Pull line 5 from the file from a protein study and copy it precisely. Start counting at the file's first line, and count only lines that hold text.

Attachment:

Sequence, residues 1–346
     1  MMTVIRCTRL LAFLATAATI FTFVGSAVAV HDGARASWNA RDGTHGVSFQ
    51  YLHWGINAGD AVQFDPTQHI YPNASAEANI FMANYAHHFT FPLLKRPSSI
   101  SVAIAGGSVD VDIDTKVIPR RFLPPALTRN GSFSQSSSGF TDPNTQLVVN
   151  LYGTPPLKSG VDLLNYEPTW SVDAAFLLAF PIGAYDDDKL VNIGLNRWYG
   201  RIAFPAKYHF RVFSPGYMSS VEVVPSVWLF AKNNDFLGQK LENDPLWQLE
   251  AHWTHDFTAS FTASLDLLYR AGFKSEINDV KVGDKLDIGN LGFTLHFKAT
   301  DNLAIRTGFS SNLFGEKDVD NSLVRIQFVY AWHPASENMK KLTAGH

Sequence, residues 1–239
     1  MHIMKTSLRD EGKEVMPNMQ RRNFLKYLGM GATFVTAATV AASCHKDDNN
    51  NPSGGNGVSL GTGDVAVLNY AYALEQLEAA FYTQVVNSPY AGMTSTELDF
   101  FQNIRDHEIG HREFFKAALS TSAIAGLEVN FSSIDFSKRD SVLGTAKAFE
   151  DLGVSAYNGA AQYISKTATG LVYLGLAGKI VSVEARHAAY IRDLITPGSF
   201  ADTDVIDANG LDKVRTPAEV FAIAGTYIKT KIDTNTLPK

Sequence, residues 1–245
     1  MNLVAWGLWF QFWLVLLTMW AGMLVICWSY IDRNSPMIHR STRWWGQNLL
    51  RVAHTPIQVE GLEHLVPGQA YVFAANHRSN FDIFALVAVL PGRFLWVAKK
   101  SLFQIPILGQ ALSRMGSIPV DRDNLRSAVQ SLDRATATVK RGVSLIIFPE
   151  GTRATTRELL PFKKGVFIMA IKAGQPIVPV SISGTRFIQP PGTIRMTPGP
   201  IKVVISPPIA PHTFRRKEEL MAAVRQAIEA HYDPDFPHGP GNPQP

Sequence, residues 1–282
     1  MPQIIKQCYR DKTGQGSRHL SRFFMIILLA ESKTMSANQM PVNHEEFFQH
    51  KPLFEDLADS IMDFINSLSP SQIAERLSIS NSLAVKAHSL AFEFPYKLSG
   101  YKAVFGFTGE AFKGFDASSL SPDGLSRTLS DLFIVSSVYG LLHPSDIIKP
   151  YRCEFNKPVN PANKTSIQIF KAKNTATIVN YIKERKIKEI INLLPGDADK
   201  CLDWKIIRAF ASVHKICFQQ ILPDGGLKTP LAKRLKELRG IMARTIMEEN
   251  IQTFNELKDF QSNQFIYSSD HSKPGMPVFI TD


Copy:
   151  LYGTPPLKSG VDLLNYEPTW SVDAAFLLAF PIGAYDDDKL VNIGLNRWYG